Each one of us has lost so much as a result of living through the first pandemic of our lifetimes. And the list of losses continues to grow every week, it seems.

In this country, the under-estimated death toll from Covid-19 is almost a million people.

And it isn’t the pandemic alone that’s piling up our losses. The climate crisis is already hitting us hard.

We’re also being forced to face this country’s underbelly of tragic individual and collective traumas, as democracy itself appears to be cracking under the strain of unacknowledged racism, social injustice and a firmly entrenched power-over model that’s catalyzing an outrageous have/have-not schism.

What’s Ambiguous Loss?

There’s a type of loss called “ambiguous loss,” first talked about by Dr. Pauline Boss. I’m reading her new book, which is called The Myth of Closure: Ambiguous Loss in a Time of Pandemic and Change.

Ambiguous loss is a universal phenomenon, everyone experiences it. There are many different kinds, “from catastrophic (like the 2020 pandemic) to more common and everyday separations from breakups, divorces, adoptions, or leaving home due to immigration and migration”.

Living in through a pandemic can result in a multitude of ambiguous losses. The same is true for what’s happening with the climate, and with the global political situation.

With such a violent collision of losses and sorrows, it isn’t possible to simply breathe away our pain and grief.

So what do we do?! How do we handle all of this without falling down the rabbit hole of terrible despair and depression and overwhelming anxiety?

Coping Strategies for Holding the Unbearable

To begin, we learn how to hold the unbearable, starting with acknowledging that what we’re living through is unprecedented, overwhelming, and crazy-making.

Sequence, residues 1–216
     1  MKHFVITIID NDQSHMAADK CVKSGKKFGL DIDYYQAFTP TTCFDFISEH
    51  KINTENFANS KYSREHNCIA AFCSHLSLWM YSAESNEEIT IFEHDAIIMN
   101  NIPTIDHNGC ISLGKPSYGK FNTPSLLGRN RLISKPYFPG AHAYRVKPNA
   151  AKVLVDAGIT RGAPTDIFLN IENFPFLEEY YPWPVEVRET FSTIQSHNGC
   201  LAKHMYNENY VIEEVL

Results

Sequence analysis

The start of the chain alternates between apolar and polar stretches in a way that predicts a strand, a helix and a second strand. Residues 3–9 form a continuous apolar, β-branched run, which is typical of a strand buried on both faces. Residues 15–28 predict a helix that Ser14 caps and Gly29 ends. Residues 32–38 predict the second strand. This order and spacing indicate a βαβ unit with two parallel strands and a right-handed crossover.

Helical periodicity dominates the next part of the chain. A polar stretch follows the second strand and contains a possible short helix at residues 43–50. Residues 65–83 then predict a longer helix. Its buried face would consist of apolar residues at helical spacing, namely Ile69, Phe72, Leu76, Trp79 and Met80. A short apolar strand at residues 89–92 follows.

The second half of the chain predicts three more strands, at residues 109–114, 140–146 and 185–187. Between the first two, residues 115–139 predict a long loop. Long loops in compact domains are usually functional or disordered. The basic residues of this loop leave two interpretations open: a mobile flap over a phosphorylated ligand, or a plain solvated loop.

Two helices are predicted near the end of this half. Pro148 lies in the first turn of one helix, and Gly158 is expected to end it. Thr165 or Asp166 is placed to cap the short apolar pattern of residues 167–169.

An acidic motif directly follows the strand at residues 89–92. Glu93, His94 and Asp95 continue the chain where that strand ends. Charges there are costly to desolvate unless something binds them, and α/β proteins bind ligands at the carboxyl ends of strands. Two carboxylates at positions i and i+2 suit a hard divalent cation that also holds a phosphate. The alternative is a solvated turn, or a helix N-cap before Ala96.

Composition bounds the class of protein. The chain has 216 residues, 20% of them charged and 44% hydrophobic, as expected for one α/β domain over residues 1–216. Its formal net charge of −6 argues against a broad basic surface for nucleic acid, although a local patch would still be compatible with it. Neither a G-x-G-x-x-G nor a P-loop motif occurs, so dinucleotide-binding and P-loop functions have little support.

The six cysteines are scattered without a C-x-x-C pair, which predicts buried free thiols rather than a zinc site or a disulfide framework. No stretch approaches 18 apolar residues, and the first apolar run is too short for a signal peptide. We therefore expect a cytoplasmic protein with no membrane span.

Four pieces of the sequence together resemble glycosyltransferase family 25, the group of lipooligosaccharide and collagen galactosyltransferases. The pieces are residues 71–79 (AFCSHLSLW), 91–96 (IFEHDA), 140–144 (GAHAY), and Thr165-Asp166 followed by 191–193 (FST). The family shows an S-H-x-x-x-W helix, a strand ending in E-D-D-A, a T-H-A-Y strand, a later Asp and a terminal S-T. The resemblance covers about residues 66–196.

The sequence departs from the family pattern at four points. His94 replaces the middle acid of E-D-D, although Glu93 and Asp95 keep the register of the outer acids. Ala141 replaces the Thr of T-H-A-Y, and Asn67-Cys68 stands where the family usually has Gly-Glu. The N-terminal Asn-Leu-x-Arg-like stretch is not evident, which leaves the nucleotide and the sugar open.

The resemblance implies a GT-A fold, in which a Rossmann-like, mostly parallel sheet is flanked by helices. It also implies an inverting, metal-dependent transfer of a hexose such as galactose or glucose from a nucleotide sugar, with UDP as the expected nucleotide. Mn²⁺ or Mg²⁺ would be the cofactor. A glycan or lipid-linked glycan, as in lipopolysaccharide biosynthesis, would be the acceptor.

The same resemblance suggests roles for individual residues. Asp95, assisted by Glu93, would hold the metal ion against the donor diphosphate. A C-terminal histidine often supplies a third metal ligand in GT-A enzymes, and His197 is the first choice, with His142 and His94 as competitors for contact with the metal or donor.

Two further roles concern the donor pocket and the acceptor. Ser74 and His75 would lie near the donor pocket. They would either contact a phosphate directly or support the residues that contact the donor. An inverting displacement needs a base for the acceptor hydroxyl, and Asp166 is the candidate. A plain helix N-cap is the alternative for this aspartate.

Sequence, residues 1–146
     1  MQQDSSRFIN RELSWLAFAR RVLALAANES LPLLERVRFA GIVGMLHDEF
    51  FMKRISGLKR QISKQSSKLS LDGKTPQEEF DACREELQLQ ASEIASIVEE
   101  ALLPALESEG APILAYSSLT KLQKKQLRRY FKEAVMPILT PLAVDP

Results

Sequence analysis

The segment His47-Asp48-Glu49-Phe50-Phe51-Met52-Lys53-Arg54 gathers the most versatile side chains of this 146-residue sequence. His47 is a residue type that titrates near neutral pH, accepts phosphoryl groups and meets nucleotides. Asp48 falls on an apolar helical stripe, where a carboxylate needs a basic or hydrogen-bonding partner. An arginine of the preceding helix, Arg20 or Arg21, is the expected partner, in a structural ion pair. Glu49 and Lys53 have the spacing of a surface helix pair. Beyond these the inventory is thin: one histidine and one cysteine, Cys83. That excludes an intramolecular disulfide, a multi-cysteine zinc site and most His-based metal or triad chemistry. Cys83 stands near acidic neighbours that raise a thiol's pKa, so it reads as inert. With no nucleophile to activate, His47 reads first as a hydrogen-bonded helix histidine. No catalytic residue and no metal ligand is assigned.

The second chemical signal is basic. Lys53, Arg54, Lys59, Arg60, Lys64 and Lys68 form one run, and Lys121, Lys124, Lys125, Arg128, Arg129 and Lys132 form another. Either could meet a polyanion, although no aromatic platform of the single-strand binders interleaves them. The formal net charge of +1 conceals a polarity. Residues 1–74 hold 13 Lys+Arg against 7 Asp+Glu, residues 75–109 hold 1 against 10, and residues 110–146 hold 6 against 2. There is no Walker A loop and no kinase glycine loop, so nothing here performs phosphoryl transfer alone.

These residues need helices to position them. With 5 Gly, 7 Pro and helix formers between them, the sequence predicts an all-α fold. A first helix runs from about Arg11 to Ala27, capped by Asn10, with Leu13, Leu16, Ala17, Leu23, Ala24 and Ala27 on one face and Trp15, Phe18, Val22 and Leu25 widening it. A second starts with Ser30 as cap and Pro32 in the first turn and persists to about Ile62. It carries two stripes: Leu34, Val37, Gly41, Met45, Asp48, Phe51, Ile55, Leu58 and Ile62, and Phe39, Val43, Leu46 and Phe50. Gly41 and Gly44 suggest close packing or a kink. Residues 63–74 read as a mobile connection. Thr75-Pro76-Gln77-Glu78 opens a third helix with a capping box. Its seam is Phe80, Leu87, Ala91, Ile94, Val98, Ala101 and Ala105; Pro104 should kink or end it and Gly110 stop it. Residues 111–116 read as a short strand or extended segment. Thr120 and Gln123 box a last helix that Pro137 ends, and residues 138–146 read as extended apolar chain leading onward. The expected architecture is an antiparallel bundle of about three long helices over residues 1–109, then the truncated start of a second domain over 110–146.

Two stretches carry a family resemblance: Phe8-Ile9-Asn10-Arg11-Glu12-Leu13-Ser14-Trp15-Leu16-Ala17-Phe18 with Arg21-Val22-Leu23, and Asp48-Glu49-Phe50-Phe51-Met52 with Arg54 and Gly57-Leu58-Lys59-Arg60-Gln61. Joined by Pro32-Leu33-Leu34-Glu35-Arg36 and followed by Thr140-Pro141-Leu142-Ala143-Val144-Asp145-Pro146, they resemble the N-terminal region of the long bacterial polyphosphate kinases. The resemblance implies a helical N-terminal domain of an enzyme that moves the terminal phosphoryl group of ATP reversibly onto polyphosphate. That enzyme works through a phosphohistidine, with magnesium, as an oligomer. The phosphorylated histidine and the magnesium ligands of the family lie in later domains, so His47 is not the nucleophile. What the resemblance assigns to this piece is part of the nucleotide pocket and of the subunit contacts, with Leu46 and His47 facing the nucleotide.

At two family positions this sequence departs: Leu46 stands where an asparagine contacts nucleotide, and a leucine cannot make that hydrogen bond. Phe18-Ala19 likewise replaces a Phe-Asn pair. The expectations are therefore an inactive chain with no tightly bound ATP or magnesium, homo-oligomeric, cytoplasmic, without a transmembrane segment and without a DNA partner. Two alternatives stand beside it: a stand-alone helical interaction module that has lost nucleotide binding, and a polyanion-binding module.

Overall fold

There’s nothing wrong with you.

We allow ourselves to feel our feelings without drowning in them. Deep sadness, sky-high anxiety, terrible loneliness, unremitting outrage … yes! Let yourself be honest about how you’re feeling — not to get stuck in unhealthy rage or clinical anxiety or depression; of course not. Rather, to tell yourself the truth. It’s a total game-changer.

We let go of what no longer is, to release our death grip on ways of thinking and living that aren’t possible, at least right now. Process journaling, “Morning Pages” from Julia Cameron’s The Artist’s Way, a little diary of feelings — writing it down is a powerful way to externalize and release pent-up emotions.

For it’s time to begin releasing what we can no longer hold, to begin letting go, grieving our losses even as we continue to live them.

We’re going to be walking the path of ambiguous loss for quite a while; for some of us, perhaps the rest of our lives. 

Knowledge and understanding help us make meaning of the unimaginable. In doing the seemingly small actions I’ve shared with you here, you can begin to accept how it is: how you feel, what you’re mourning, what terrifies you, what brings a soft smile of joy.

How the Santa Fe Therapist Can Help

And remember, we’re all in this together. If you’re confused, or unsure about anything, you can schedule a free 15-minute consult with me. Just send me an email: melanie@melanieharth.com, and we’ll talk about what’s going on.

Sending so much love to you (and a little bit of organic dark chocolate),


woman standing in front of pinon trees in Tesuque, NM, wearing a hand-dyed scarf from the International Folk Art Market. Grief counseling with the Santa Fe therapist. 87544, 87501, 87122, 87506